In 2011, Ricky Gervais was warned he would never work in Hollywood again after his controversial turn presenting the Golden Globes. It had been his second time as host of the awards ceremony and the creator of The Office had caused utter and complete outrage from certain sections of the U.S media after ripping into his Hollywood elite audience.
It must have been particularly pleasing for the British comedian therefore, to have taken to the same stage in Beverly Hills for a fifth time earlier this month, to once again sow controversy with his particular brand of put-down hilarity at the expense of the film industry glitterati.
Those Hollywood stars who failed to hide their affront to Gervais’ jokes in 2011, and who still don’t appear to have warmed to his stand-up routine at the fifth time of asking (we’re looking at you Tom Hanks), must have wondered why broadcaster NBC decided to bring back the ceremony’s most controversial host. Over the last three years, NBC had played it safe with talk-show presenters Jimmy Kimmel and Seth Rogan, plus 2019’s instantly forgettable compering by actress Sandra Oh.
It wasn’t as though Gervais’ previous stints as Globes host had pulled in significantly higher TV ratings either (his 2016 appearance attracted around 18.5 million viewers, which is about the same as Sandra Oh’s effort).
The Gervais gift that keeps on giving however, is something that event planners everywhere would bottle if they could – the ripple effect of shareable content.
His opening monologue is not only replayed the world over but also spliced and diced into clips, memes, and other forms of media, whilst being discussed on every available linear and non-linear channel for weeks, if not months after the physical event.
Gervais’ ability to cause indignation and controversy through his joke writing and performance ensures that the Golden Globes isn’t just another film awards ceremony during a long season of acceptance speeches and back-slapping. It’s the must-see event of the film and TV awards calendar.
Even if you couldn’t name half-a-dozen winners of this year’s coveted trophy, I’d be willing to bet my house that you’ve seen the Tom Hanks face of disgust meme, read the laughable accusations that Gervais overshadowed vital political statements from woke actors, or googled his joke about Judi Dench “licking her ass”.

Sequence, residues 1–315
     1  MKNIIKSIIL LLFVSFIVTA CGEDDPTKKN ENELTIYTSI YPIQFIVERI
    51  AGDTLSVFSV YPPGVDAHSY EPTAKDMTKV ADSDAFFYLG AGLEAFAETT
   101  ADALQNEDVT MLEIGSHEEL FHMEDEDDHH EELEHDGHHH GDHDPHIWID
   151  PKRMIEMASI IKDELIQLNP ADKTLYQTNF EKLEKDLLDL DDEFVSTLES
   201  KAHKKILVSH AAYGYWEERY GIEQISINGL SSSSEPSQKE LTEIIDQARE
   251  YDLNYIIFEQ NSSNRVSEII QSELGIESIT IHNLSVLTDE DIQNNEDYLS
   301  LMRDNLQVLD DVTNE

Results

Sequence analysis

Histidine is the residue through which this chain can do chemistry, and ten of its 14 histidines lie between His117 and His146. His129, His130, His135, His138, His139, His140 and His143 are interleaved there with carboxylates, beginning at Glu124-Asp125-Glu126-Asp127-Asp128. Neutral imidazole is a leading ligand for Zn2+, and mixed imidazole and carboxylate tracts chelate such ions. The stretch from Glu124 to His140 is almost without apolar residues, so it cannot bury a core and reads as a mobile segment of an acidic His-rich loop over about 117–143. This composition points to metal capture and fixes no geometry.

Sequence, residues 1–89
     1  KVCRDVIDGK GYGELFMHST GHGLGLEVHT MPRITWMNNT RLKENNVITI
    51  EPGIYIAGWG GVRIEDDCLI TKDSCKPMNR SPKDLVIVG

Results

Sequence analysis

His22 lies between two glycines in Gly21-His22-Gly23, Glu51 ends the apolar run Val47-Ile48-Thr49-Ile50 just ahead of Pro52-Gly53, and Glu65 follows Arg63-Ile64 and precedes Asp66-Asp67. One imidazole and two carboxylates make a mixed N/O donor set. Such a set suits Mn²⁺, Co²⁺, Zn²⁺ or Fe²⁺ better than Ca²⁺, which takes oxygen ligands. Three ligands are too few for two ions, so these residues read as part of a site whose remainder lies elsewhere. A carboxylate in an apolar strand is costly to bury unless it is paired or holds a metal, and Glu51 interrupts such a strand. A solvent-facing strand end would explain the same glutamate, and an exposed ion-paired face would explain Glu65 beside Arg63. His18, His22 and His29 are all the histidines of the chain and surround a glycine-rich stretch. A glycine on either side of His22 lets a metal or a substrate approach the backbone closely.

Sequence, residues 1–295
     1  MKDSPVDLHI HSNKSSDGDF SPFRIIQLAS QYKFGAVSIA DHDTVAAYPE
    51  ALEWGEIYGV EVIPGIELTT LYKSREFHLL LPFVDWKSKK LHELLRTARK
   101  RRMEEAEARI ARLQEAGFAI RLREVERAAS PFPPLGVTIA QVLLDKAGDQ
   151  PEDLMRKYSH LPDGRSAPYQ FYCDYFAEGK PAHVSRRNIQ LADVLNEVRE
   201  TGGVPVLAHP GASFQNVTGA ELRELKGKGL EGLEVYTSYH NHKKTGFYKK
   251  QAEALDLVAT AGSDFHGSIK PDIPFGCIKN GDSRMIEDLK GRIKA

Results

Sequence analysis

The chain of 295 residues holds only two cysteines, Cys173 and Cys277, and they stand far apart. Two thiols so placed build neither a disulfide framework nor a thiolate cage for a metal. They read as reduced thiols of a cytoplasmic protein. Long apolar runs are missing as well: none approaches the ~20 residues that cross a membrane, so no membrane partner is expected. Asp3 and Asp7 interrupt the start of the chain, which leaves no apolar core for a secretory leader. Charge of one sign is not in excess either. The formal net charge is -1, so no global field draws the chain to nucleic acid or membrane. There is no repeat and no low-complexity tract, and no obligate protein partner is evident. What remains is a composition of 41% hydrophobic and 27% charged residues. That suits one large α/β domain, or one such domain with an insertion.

Fanning the flames of controversy – does it work for events?
So, is stirring up a bit of controversy good for the longevity of all types of events? Should planners everywhere be implementing shock-tactics to make the company’s annual kick-off conference the most talked about event of the year?
The impact of memorable content is indisputable. By being brave, taking a stand and giving your event brand an authentic identity (even if that means adding something controversial), is the reason this time last year we were all debating and searching up the new Gillette TV advert, which highlighted toxic masculinity under the tagline ‘The Best Men Can Be’.
It’s also the reason Nike adopted the provocative image of Colin Kaepernick’s kneeling protest during the American national anthem before the start of a 2017 NFL game at Wembley Stadium, as the brand’s ‘Just Do It’ advert.
Be aware however, authenticity and context are the secret sauce to controversy’s success. Without these two elements, you’re left with Kendall Jenner offering a riot officer a can of Pepsi at a multiracial rally, in an advert widely condemned for exploiting the #BlackLivesMatter protests.
Ricky Gervais can laugh-off the accusation that he cheapens an awards platform used by actors to make political and environmental statements because his carefully crafted jokes are authentic to the context of an event with a remit to entertain.
If he’d opened last year’s United Nations’ Climate Summit with his Golden Globes joke about Greta Thunberg – “You know nothing about the real world. Most of you spent less time in school than Greta Thunberg” – he may have had a case to answer.
So, when booking and briefing a speaker or weighing up the potential impact of a planned piece of risqué event content, ask yourself three questions – ‘is any resulting controversy justified within the context of the event’s objective?’ ‘Will an audience’s ability to share content in a plethora of digital ways serve that objective in a positive way?’ and, ‘am I being authentic to the values of the event by risking controversy’.
If the answer to all three of these questions is ‘yes’, then fan the flames of controversy by all means. Just be prepared to feel the heat.